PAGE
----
Patients who gave their hospital a rating of 9 or 10 on a scale from 0 (lowest) to 10 (highest). - After answering all other questions on the survey, patients answered a separate question that asked for an overall rating of the hospital. Ratings were on a scale from 0 to 10, where "0" means "worst hospital possible" and "10" means "best hospital possible."

Willingness to Recommend this HospitalCMS

Would patients recommend the hospital to friends and family? - The survey asked patients whether they would recommend the hospital to their friends and family.CMS

Heart Failure (HF) Core Measures

Number of Heart Failure Patients - The number of patients who were admitted for heart failure during a given time period. It is important to remember that different periods will have different volumes even if the hopsital performed has not changed. This is especailly evident during cooler months. CMS

Percent of heart failure patients given discharge instructions. - Heart failure patients who receive all specific discharge instructions about their condition. This measure reports what percent of patients with heart failure are given all information about their condition and care when they leave the hospital. Patient education about medicines, diet, activities, and signs to watch for is important in order to prevent further hospitalization.CMS

Percent of heart failure patients given an evaluation of Left Ventricular Systolic (LVS) function. - Heart failure patients who have had the function of the main pumping chamber of the heart (i.e. ventricle) checked during their hospitalization. This measure reports what percent of patients with heart failure receive an in-depth evaluation of heart muscle function in order to receive the right treatments for their heart failure.CMS

Percent of heart failure patients given an ACE inhibitor or ARB for Left Ventricular Systolic Dysfunction (LVSD). - Heart failure patients who receive a prescription for a medicine called an "ACE inhibitor" or a medicine called an angiotensin receptor blocker (ARB) when they are discharged from the hospital. Most patients who have heart failure and who take ACE inhibitor medicine have fewer symptoms, are physically better, and reduce their risk of returning to the hospital. The number of patients prescribed this drug is measured.CMS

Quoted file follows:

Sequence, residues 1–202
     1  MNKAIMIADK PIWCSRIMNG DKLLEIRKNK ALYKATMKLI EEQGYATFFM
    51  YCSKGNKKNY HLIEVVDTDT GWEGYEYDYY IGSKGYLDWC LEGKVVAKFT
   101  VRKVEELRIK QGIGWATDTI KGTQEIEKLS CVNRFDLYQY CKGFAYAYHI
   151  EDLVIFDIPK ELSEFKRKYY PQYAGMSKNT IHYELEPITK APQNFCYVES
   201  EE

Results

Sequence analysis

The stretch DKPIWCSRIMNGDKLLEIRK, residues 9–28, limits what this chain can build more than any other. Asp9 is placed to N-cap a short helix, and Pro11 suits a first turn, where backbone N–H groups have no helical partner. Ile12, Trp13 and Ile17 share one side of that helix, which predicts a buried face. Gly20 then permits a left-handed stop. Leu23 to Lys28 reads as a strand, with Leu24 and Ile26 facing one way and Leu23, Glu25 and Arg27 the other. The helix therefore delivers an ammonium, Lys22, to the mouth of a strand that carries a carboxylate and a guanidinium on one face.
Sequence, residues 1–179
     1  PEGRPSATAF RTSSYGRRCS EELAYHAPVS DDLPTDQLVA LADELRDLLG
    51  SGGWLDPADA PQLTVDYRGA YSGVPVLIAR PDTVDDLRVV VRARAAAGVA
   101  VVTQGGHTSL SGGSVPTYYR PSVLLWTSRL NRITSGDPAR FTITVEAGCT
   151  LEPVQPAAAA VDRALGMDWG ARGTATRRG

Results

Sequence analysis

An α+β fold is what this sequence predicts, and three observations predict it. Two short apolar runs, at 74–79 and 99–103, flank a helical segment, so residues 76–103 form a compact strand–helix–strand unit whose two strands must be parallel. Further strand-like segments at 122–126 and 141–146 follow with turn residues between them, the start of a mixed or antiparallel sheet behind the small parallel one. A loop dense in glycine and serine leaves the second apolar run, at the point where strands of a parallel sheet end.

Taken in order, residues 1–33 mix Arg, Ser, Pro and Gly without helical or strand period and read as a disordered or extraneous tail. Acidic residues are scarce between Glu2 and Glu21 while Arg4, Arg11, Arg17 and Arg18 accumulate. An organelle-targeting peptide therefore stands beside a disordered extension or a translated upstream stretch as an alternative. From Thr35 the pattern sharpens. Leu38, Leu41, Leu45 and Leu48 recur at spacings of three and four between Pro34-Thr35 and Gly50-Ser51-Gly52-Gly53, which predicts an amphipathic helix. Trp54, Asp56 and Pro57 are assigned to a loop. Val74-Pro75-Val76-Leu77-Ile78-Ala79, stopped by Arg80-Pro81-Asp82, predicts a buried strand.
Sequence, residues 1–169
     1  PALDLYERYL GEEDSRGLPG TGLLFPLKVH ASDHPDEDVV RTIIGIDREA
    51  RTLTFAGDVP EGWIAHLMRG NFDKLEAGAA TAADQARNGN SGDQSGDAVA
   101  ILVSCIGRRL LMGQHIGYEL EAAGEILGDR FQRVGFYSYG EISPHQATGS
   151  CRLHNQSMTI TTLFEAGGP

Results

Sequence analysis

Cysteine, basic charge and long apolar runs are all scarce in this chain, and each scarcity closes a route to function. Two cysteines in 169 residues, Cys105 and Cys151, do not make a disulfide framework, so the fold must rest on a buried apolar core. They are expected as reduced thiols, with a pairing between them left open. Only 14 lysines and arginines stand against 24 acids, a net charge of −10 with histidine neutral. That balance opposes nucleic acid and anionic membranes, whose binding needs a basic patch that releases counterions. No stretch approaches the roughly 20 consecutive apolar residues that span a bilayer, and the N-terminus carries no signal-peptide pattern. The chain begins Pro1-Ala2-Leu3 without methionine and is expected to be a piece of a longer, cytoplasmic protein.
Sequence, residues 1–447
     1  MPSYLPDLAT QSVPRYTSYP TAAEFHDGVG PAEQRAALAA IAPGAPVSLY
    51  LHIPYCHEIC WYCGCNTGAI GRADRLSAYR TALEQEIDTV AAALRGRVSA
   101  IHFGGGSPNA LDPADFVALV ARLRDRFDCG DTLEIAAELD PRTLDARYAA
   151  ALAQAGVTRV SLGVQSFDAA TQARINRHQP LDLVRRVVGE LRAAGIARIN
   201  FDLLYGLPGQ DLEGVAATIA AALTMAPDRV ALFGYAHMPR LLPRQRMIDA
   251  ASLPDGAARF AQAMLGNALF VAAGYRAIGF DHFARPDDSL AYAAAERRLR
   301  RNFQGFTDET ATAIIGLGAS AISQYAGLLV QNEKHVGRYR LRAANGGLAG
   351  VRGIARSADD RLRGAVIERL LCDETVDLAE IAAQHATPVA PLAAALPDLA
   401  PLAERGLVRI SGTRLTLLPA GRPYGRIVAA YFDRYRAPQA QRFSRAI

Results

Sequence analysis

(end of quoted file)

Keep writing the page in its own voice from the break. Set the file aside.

Surgical Care Improvement Patients (SCIP) Core Measures

Number of Surgical Care Patients - The number of surgical patients during a given time period. It is important to remember that different periods will have different volumes even if the hopsital performed has not changed. This is especailly evident during cooler months.CMS

Percent of SCIP Outpatients Receiving Preventative Antibiotic(s) One Hour before Incision - Hospitals can prevent surgical wound infections. Medical research shows that surgery patients who get antibiotics within the hour before their surgery are less likely to get wound infections. The timing is important: getting an antibiotic earlier, or after surgery begins, is not as effective. Hospital staff should make sure patients get antibiotics at the right time. Higher numbers are better.CMS

Percent of outpatients having surgery who got the right kind of antibiotic. - Certain antibiotics are recommended to help prevent wound infection for particular types of surgery. This measure looks at how often surgical patients get the appropriate antibiotic in order to prevent a surgical wound infection.CMS

Percent of surgery patients who were taking heart drugs called beta blockers before coming to the hospital, who were kept on the beta blockers during the period just before and right after their surgery. - CMS

Percent outpatients having surgery who got on an antibiotic at the right time (within one hour before surgery). - Research shows that surgery patients who get antibiotics within the hour before their operation are less likely to get wound infections. Getting an antibiotic earlier, or after surgery begins, is not as effective. This measure shows how often a surgery patient gets antibiotics at the right time.CMS

Percent of surgery patients who were given an antibiotic at the right time (within one hour before surgery) to help prevent infection. - Hospitals can prevent surgical wound infections. Medical research has shown that certain antibiotics work better to prevent wound infections for certain types of surgery. Hospital staff should make sure patients get the antibiotic that works best for their type of surgery. Higher numbers are better.CMS

Percent of surgery patients whose preventive antibiotics were stopped at the right time (within 24 hours after surgery). - While the likelihood of infection after surgery can be reduced by giving patients preventative antibiotics, taking these antibiotics for more than 24 hours after routine surgery is usually not necessary and can increase the risk of side effects such as diarrhea, and antibiotic resistance (when antibiotics are used too much, they will not work anymore.)CMS